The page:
Sunday, January 8, 2012

GDP is Gross

No, not the number which is bad enough, the actual equation. It supposedly tells us the health of the national economy but it does no such thing. And even worse is the unfortunate misconception it has created that 70% of the American economy is made up of consumer spending. That's just idiotic. But it has been repeated for so long that it's considered truth and even thick-skulled journalists repeat it back like parrots whenever they report on the economy.

It may also partly explain why so many Americans think we don't make anything here anymore. After all, if 70% of economic activity is consumer spending, there ain't much left. In addition to that, it has probably also led to the widespread condemnation of Americans as greedy, profligate consumers -- evidently raping the world of its treasure since we can't be bothered to make any of our own. It's all very unfortunate and unnecessary.

Left out of the equation is all the production going on to create the stuff that consumers buy. Of course, defenders of the GDP (Keynesians one and all) will tell you that to include production costs would be double-counting as those are wrapped up in the final sales prices of the consumer goods. It must be the case, they insist, because, of necessity, production costs have to be less than sales. No. They. Don't.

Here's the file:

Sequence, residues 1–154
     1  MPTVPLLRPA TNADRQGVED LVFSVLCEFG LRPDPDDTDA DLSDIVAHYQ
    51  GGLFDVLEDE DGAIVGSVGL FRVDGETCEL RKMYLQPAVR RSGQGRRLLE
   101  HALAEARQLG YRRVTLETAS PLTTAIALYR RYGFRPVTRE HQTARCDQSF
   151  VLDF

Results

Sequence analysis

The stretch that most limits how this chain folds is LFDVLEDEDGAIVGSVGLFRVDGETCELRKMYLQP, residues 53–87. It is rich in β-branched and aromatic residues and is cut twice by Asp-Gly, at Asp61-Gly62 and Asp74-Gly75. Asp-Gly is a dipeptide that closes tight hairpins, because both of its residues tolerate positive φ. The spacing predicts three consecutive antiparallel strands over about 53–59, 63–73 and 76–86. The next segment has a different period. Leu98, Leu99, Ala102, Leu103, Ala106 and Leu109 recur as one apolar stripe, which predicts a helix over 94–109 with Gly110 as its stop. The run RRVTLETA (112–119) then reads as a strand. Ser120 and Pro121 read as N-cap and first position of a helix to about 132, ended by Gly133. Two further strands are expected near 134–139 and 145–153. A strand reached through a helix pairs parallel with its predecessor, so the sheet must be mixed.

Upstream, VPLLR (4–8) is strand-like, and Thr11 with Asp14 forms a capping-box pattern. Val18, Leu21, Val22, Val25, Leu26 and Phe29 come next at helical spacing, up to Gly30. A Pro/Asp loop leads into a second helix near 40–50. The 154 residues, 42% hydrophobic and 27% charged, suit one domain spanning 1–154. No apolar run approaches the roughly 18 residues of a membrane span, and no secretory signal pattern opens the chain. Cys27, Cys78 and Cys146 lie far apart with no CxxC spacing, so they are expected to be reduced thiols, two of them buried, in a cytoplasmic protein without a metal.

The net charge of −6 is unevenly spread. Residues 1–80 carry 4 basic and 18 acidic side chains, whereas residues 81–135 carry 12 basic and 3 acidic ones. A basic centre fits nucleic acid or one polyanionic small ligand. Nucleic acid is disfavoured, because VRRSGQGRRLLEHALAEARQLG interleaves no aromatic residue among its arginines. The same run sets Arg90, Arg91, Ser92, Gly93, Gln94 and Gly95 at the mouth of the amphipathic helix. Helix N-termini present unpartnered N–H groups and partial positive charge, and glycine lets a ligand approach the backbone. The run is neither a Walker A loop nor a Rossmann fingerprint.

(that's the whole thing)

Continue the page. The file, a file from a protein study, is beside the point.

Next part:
That is an example of the fallacy of composition that claims since each profit-making business's revenues exceed costs, the same is necessarily true for the the sum of all businesses. But let's work through a simple example to show just how false that assumption is.

Imagine a small country with a rubber ball industry. It's comprised of two businesses: a ball manufacturer (who, we shall assume, sells his product direct just to save complexity) and a rubber plant that turns out the sheets of rubber used to make the balls. The ball manufacturer buys the entire output of his supplier.

Last year on sales of rubber balls totaling $1 million, the ball factory paid $500,000 for rubber, spent $200,000 on labor, and had other expenses of $100,000. Its profit, therefore, was $200,000.

The rubber plant, which sold its entire output to the ball factory, therefore had sales of $500,000. Its raw materials costs amounted to $200,000. Labor ran $100,000 and capital and other expenses amounted to $100,000 for a profit of $100,000.

So, the rubber ball industry of our imaginary country had $1 million in consumer sales (finished rubber balls), but production costs totaled $1.2 million -- and both companies made a nice profit. It's counter-intuitive, I suppose, to people who have actually never thought about it. But we can see that it's not only likely, but probably necessary that an economy with an advanced division of labor and high ratio of capital to labor would spend more on production than on consumption.

If all the productive expenditures of American businesses were included in the GDP figures, the true composition of the economy would be much clearer. In good times, it would run about 40% for business-to-business (production) spending vs. around 30% for consumer spending. And when times turned bad, we would see much sooner where things were going wrong.

I doubt that our Keynesian-drenched government will soon consider such a simple and sensible suggestion because it would not enhance the mistaken theory that consumer spending drives all economic activity. But it would be the right thing to do if we want to understand how the entire economy is performing.

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